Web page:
This column was written by Dave Zirin.
What's the sound of a good story smothered? Ask Sheryl Swoopes. Swoopes is the most prominent women's basketball player of her generation: a five-time all-star, three-time Olympic gold medalist and the WNBA's only three-time MVP. And in a tribute only corporate America could render, Swoopes is the only female player to have her own basketball shoe: Nike's Air Swoopes.
The 34-year-old Houston Comet veteran just delivered what could be the most significant body blow to homophobia ever weathered by the athletic-industrial complex. She has come out of the closet with pride, defiance and a palpable sense of joy.
But Swoopes's announcement has been met in the sports press with what the Associated Press correctly described as "a shrug of indifference." San Jose Mercury News columnist John Ryan wrote, "Let's face it: On the list of shocking headlines, 'WNBA player is gay' falls somewhere between 'Romo took steroids' and 'Steinbrenner is angry.' "
The muted response to Swoopes's revelation flows from the sexist treatment of women's athletics on sports pages, where the WNBA faces regular derision and the accomplishments of even elite female athletes — from Mia Hamm to Serena Williams — are downplayed or ignored.
The Swoopes story hasn't been ignored so much as reframed. Sports pundits have shifted the conversation toward how "easy" it is for Swoopes to come out compared to a male athlete. Jim Rome, whom no one is about to confuse with Harvey Milk, said on his sports yak-fest "Rome Is Burning" that Swoopes "is in a fringe professional sports league and is anything but a household name in this country. [Male athletes] have a lot more to lose because they have a lot more at stake. Bigger league. Bigger profile. Bigger dollars. Bigger backlash. Bigger ball. Bigger everything." Ummm... paging Dr. Freud.
Bill Plaschke, a columnist for the Los Angeles Times, said on ESPN's "Around the Horn," "Sadly, I don't think it's going to make much of an impact because, for whatever reason in this country, lesbians are viewed differently than gay men. There's not the stigma against lesbianism that there is against gays and men. Especially in athletics."
And this is just a sampling.
Swoopes responded to this line of questioning perfectly, saying, "I don't see [a male athlete coming out] any time soon. But you know what? I didn't really see this happening, either — at least not now — and it did."
It should probably go without saying that looking to "Around the Horn" or Jim Rome for a serious discussion on sports and sexuality is like reading Ann Coulter for a history of Islam. But tragically, many writers and voices that should be celebrating this moment are choosing to be little more than a fun-house reflection of the mainstream sports blather, concentrating on what Swoopes is not: a man.
The most painful expression of this came from someone described on ESPN.com as a "Closeted Division I-A sports administrator." He said, "I and every other gay guy in sports live every day with the fact that it's OK to be a lesbian in sports but not a gay guy. It hurts like hell and is life-altering and causes you to live with fear.... We gotta be in the closet and they don't."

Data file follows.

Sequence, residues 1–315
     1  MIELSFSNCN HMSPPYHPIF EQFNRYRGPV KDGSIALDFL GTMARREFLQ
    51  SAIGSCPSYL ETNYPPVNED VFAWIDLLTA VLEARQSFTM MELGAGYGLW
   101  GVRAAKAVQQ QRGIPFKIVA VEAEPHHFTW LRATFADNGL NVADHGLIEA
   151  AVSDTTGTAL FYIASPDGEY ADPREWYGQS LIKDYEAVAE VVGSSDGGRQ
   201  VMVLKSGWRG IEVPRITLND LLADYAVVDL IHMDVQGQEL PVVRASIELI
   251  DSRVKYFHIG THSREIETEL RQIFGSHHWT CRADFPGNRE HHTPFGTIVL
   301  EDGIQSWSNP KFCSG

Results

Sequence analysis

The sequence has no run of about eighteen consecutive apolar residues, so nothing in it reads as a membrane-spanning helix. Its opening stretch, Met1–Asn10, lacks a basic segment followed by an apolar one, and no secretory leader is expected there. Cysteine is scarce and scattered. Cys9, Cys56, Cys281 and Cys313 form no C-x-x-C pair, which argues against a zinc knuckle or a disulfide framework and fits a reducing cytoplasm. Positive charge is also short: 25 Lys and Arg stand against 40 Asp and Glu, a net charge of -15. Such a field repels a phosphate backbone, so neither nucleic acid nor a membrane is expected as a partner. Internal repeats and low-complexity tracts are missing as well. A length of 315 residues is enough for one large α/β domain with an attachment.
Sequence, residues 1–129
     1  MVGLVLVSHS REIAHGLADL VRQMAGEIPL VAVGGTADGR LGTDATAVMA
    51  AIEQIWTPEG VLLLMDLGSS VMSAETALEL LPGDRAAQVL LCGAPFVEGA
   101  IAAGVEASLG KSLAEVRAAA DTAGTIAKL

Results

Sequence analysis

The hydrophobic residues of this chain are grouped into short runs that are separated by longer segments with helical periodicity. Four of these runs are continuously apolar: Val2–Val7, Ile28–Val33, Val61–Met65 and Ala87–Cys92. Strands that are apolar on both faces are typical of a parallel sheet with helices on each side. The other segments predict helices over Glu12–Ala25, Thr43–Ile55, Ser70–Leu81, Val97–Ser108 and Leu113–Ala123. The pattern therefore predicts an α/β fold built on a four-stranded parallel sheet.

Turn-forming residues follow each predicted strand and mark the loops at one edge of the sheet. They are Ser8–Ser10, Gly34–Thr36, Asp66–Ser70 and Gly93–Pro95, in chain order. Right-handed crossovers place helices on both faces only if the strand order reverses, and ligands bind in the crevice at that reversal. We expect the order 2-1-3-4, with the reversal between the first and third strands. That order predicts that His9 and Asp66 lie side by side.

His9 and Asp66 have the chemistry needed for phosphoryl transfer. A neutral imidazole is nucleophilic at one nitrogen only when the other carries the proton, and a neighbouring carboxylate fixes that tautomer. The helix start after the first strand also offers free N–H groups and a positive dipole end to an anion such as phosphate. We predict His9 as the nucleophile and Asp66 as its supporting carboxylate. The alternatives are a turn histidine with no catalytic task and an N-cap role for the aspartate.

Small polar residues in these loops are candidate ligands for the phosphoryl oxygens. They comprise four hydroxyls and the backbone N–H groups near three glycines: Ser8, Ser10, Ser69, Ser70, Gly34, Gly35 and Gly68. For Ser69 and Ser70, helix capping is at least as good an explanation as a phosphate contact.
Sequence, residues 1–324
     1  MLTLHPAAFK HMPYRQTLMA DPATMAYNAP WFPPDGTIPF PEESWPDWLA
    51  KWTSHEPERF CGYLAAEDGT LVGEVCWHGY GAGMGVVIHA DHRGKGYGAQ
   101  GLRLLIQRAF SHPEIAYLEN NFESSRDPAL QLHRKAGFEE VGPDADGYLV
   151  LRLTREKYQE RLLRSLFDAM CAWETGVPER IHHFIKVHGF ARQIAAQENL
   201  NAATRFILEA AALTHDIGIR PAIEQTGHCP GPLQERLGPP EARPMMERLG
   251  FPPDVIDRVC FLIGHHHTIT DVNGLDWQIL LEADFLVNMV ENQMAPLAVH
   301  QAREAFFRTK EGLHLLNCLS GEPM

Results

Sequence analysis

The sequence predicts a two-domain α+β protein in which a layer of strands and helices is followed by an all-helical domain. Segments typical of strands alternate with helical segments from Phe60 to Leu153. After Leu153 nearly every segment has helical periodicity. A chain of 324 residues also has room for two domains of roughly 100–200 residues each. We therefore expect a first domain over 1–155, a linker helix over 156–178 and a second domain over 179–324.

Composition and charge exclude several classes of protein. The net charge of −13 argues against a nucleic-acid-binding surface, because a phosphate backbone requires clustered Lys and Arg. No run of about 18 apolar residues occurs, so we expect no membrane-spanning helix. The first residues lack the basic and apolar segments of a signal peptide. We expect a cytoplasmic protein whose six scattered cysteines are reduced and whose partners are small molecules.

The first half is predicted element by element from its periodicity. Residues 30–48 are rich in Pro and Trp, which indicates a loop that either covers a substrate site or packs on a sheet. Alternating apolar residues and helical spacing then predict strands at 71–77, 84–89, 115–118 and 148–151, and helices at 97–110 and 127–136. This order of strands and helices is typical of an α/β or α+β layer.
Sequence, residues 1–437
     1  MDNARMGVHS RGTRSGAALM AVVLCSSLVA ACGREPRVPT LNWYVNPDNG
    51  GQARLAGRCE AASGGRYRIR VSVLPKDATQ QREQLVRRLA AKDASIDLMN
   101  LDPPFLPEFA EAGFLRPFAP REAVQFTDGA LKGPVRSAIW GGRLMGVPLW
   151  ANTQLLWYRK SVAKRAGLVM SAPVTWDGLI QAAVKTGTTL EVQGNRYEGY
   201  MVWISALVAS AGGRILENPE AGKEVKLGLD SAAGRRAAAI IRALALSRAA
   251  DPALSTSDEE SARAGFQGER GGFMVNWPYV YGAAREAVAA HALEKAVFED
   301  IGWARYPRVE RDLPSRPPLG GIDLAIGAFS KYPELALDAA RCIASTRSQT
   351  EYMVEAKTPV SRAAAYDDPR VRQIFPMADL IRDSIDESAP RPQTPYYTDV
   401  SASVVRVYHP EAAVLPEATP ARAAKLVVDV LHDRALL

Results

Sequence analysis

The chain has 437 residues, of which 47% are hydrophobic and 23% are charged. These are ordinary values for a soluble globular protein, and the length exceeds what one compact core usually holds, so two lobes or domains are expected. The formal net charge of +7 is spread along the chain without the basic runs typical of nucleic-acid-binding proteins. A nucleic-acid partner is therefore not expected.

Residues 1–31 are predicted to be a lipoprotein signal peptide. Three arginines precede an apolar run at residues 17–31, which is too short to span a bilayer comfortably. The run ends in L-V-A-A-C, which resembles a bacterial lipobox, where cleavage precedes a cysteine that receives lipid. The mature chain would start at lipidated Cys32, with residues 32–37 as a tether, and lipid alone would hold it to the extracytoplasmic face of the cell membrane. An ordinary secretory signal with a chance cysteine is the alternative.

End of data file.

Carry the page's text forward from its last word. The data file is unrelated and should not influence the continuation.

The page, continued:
This entire approach accepts the myth that it's somehow "easier" for a woman athlete to come out than a man. It adheres in canine fashion to the sports radio stereotype that somehow, in this homophobic society, female athletes are magically turning women's sports into a rainbow paradise. This is simply untrue. In the WNBA for example, a whopping two other players have declared themselves lesbians.
Of course there is tremendous homophobia in men's sports. But the moment belongs to Swoopes. Especially because, in addition to being the most prominent team athlete to ever come out, Swoopes happens to be African-American. As she said, "You have Ellen DeGeneres and Rosie O'Donnell, but you don't have your well-known gay African-American who's come out." If you don't think this took guts, see the sick, homophobic rants against gays and lesbians — against black lesbians in particular — by the Rev. Walter Fauntroy and D.C. Reverend Willie Wilson. You can also ask Keith Boykin of the National Black Justice Coalition, a prominent civil and gay rights organization, who was denied the opportunity to speak at the Millions More March in October.
For African-American women athletes, especially in the WNBA, the closet can be a cavernous, lonely, chamber of depression. Many come from small Southern towns and communities where homophobia is as thick as the humidity. They then go to college programs where learning to stay in the closet can be as much a part of the coaching drills as lay-up lines and the three-person weave. Swoopes's courageous stance has the potential to begin to move that weight in the other direction. It also has the potential to reach out to young African-American lesbians, made to feel like the twenty-first-century version of Ralph Ellison's "Invisible Man." As Selena Roberts wrote in the New York Times, "There is no diminishing the importance of each female athlete who publicly declares she wants to love freely in a homophobic culture, to live truthfully in a society divided on gay rights. Somewhere, a girl may feel less alone and less of an outcast because someone like Swoopes — an African-American woman — has further diluted the taboo."
We should stop looking for the gay Jackie Robinson. We found her.
Dave Zirin is the author of "What's My Name, Fool?: Sports and Resistance in the United States."
By Dave Zirin
Reprinted with permission from The Nation